Sunday, September 4, 2011

About Face

This post has been brewing for quite some time, I just haven't quite been able to put it all together in my head and I wasn't sure what the exact context would be. Then it finally all became clear and here we are.

I've been thinking about how we sometimes make decisions in our lives and feel like it's the right thing to do at the time, but then somewhere down the line begin to wonder if it really was the right choice. It can seem okay for a while, but then you get a little distance on things and think "Maybe I did something wrong. Maybe I made the wrong choice." Then come the inevitable questions: What do I do now? How do I go back without looking like a flip-flopper/failure? What will people think or say when they find out I changed my mind?

When it isn't me that has to face these questions for myself, the answers seem simple. What do I do now? Make it right. Fix whatever is wrong. Un-do whatever you did. How do I go back without looking like a flip-flopper/failure? Make the necessary changes and simply face the consequences (keeping in mind that consquences aren't always negative or bad). It's easier than trying to do everything else under the sun to avoid the problem/wrong decision. The shortest distance between two points, after all, is a straight line. What will people think or say when they find out I change my mind? Who cares what they think or say? It isn't their life, it's yours. Besides, after the initial shock or surprise, they will get over it. Chances are, they'll forget you ever had this little bump in the road. You're the only one who really remembers things that involve you.

It's a little more difficult when I have to actually do as I would say. I was going back and forth about something in my head that just didn't feel right, but instead of just giving up, I was continuing to push forward. The problem was that I didn't feel like I was making any progress, I really felt like I was regressing. In my mind, it seemed easy or possible, but when I actually had to attempt things, it wasn't that way at all. As I began to face the reality that maybe I wasn't doing what was right or best, that notion made sense, but I was hung up on what people would say or what they would think of me.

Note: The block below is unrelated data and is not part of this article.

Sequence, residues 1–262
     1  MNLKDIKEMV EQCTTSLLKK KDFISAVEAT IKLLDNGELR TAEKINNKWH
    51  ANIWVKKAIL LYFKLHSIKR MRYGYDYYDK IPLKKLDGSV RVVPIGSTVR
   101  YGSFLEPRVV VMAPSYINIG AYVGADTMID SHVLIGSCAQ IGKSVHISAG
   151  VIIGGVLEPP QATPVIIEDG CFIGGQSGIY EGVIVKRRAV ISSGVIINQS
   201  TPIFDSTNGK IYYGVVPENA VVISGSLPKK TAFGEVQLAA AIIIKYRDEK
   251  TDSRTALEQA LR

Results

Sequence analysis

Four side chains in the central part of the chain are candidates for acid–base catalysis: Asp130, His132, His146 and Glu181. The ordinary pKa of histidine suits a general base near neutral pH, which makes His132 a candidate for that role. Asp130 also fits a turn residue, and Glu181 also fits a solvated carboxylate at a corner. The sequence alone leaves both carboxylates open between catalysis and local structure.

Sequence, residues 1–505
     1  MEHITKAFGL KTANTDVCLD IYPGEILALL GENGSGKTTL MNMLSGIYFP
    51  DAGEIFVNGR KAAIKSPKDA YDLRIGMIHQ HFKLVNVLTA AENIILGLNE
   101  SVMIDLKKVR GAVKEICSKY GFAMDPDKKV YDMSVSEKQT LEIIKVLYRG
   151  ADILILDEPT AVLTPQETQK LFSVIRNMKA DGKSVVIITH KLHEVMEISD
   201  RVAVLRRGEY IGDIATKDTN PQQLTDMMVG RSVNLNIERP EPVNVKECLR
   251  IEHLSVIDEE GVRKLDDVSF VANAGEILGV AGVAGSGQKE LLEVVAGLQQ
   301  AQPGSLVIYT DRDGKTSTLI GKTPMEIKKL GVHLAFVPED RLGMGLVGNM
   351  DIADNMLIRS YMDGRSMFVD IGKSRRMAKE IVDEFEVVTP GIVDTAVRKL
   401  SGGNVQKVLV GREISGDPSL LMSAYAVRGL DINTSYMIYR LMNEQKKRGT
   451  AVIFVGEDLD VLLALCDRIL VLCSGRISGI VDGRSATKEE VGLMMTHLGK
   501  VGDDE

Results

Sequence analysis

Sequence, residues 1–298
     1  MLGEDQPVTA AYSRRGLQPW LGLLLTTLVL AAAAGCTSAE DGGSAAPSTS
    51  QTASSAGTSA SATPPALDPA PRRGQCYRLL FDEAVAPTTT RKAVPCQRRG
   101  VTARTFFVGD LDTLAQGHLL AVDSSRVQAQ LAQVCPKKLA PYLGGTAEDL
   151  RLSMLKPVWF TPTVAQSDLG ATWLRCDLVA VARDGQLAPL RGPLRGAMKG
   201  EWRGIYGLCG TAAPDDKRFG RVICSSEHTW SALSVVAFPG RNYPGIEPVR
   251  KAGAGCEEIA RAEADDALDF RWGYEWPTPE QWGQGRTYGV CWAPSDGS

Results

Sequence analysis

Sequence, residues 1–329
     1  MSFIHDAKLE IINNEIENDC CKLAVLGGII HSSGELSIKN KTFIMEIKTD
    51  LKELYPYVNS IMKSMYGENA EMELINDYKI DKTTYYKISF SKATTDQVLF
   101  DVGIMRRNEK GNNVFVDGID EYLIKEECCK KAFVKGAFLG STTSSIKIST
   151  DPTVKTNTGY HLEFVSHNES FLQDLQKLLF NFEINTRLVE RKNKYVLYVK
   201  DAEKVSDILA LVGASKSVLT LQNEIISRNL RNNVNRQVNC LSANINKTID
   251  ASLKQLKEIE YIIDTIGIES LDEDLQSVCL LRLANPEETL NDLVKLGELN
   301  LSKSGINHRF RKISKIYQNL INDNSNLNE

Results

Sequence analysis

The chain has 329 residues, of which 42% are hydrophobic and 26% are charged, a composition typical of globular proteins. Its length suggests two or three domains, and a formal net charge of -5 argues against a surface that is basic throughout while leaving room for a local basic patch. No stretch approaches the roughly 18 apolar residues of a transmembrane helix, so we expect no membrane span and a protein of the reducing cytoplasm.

Finally, I had to say "You know what? I can't worry about anyone but myself. I can't put myself, my body, my sanity, my happiness at risk because of what other people will say or think. That's not fair to me and I'm the one who will suffer most." You know Dr. Seuss saying: "Be who you are and say what you feel because those who mind don't matter, and those who matter don't mind." As soon as I realized that and faced the fact that I was being my own worst critic, the decision was made.

I'm not going to run the Marine Corps Marathon after all. It's not been an easy decision, but it is something that's been nagging me for quite some time. For me, it's better to lose the money that I paid for the registration than to spend even more money to go to D.C. and not be able to finish the race or, worse, get hurt, which is a very real possibility if I'm not ready. 26.2 miles is a long way. It's not something to be taken lightly and, frankly, I'm just not there. While I'm disappointed that I won't get to experience the race itself and D.C. from that vantage point, I feel great about the decision. Almost immediately, I felt like a weight had been lifted. (I also may or may not have started to feel like I can actually eat things I want again!)

This in no way means that I'm going to stop running. I just realize that I'm not capable of running a full marathon right now. Maybe I never will be. I do want to do another half marathon, though, and have plans to run the Disney Half Marathon again in January. That is a goal that is perfectly attainable and I'm in a good place to begin training for it. I can also set realistic goals for improving on last year's race.

I know that this idea applies to other areas of my life, too, this idea of doing what's right for me, but not necessarily for everyone else. It's hard to change. It's hard to go back on something that you said you would do or felt so strongly about, but the reality is that things change. Situations evolve and change and you sometimes need to revisit something you thought was a done deal. I think that to be able to face things and say "I was wrong about this" and doing whatever it may be to correct the sitation says a lot. I also know that you tend to suffer less the sooner you're able to correct things. Dragging it out doesn't do anyone any good.

3 comments:

Noelle said...

Those decisions are the hardest to make. As long as you feel like you did what's best for you, that's all that matters. There's always next year.

Melissa said...

Good call JAC. We got your back lady. Hey, do come run and sculpt now and then with us though!! We miss you girl.

Jill said...

Just found your blog - great stuff. I love REAL blogposts about REAL issues. I am glad that you got back on track with what is right for you right now. There will be other opportunities - should you desire to have them. :)